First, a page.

Reasonableness and Tolerability in the System of Radiological Protection: ICRP on-going reflections.


IAEA - International Conference on Radiation Safety: Improving Radiation Protection in Practice, 10 November 2020.


The model of reasonableness and tolerability of radiological risk is a conceptual framework for the implementation of the ICRP principles of optimisation (guided by constraints and reference levels) and limitation, based mainly on the level of exposure, and closely related to the level of risk. Discussions of reasonableness and tolerability have been part of ICRP publications for many years, including the introduction of a model of risk tolerability in Publication 60 (1990). More recently, Publication 101 (2004) developed the approach to address the implementation of the optimisation process and the way to elucidate what is reasonably achievable. Further considerations have been addressed while examining the ethic, identifying four core values underpinning the system of radiological protection. In 2019, ICRP has set up a dedicated task group to review the historical and current perspectives on reasonableness and tolerability in order to consolidate and clarify Publication 103, and to prepare the considerations and basis needed for development of future recommendations.

This model provides guidance for the implementation of the principles in planned, emergency and existing exposure situations. Reasonableness plays a key role in the decisions regarding appropriate levels of protection and is the core of the implementation of the optimisation principle taking into account societal and economic aspects, and also protection of the natural environment. Reasonableness applies to any exposure situation as far as an optimisation process is implemented, although what may be considered reasonable will depend on the specifics of the situation and involvement of stakeholders in an inclusive process.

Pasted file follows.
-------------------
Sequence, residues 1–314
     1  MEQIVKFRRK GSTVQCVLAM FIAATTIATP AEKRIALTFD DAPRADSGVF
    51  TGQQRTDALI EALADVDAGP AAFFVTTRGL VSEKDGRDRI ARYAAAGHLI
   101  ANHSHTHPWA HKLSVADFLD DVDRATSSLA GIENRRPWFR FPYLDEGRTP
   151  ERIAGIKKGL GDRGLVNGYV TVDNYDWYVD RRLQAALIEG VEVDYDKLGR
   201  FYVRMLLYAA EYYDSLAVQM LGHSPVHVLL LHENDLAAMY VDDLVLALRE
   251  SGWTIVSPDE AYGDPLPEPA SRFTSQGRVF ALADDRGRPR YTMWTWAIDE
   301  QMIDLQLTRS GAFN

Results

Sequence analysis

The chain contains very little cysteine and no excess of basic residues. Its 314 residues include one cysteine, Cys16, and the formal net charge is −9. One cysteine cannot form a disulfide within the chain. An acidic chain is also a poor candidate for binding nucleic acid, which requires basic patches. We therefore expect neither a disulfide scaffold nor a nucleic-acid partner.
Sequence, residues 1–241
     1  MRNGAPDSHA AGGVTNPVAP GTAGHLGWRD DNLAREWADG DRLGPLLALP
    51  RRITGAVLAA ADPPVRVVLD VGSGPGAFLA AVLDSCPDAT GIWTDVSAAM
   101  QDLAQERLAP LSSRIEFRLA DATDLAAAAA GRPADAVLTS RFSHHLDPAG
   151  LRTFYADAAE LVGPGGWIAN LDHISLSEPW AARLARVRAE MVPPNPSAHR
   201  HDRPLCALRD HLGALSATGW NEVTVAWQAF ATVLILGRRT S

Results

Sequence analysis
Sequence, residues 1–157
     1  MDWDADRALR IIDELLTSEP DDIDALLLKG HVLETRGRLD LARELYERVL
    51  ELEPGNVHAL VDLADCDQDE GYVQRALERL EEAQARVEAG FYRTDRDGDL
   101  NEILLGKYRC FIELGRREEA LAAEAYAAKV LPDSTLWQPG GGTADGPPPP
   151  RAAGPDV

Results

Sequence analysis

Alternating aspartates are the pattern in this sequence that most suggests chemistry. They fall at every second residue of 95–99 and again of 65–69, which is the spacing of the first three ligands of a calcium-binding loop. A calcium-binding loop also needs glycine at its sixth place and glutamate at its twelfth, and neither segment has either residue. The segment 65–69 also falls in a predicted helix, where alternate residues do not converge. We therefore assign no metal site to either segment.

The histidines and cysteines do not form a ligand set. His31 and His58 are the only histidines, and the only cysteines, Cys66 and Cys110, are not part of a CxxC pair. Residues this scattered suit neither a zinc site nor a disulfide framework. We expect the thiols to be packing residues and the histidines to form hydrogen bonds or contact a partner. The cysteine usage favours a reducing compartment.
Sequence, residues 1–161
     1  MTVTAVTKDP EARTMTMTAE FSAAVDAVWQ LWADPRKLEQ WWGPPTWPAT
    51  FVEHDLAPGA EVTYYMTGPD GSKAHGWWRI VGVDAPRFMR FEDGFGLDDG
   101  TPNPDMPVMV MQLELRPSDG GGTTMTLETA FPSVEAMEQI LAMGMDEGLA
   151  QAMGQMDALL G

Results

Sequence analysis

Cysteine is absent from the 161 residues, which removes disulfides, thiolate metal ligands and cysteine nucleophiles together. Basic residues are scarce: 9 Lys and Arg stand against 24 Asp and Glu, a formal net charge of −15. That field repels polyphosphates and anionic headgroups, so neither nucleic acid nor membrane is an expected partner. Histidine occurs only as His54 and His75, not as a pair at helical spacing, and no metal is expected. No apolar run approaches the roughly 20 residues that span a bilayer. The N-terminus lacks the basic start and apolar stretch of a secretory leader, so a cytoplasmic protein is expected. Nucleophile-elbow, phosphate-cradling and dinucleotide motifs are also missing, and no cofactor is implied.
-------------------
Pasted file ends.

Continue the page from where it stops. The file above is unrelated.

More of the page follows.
The ICRP on-going reflections on reasonableness and tolerability in the system of radiological protection have already identified a wide number of questions to be addressed, including, for example: What is the link between tolerable and reasonable? Tolerable and reasonable for whom? What are the considerations and criteria on which the concepts of tolerability and reasonableness are based? What is the trade-off between level of exposure and benefit? How do we account for sensitive or vulnerable populations? How are interests reflected and integrated for human and nonhuman exposure?  How do we best support reasonable value for society? What are some strategies to assist in balancing competing values in determining what is tolerable and/or reasonable? Are the same criteria applicable for tolerability in all exposure situations?  How do different paradigms used for non-radiological risks inform and contribute to radiological protection?

For addressing these questions, the model of reasonableness and tolerability of radiological risk is revisited with the following objectives:

  • Better articulate the link between tolerability and reasonableness in the process of implementation the radiological protection system, with clarification on the criteria to be considered for defining “where we don’t want to go above” and which process could be put in place for evaluating “what is reasonable”.
  • Refine the criteria to be considered and their link with dose limits and reference levels, relying on the radiological detriment as benchmark for tolerability and reasonableness as well as using risk comparison but without limiting to numerical criteria.
  • Emphasize the importance of the application of the model for the different exposure situations, including the deliberative process with the stakeholders for the implementation of the optimisation principle, referring to good judgement, fairness, practicability and moderateness.

This paper will present the current reflections of the ICRP Task Group with the aim to get feedback from the participants and national and international organisations on their views on these issues.


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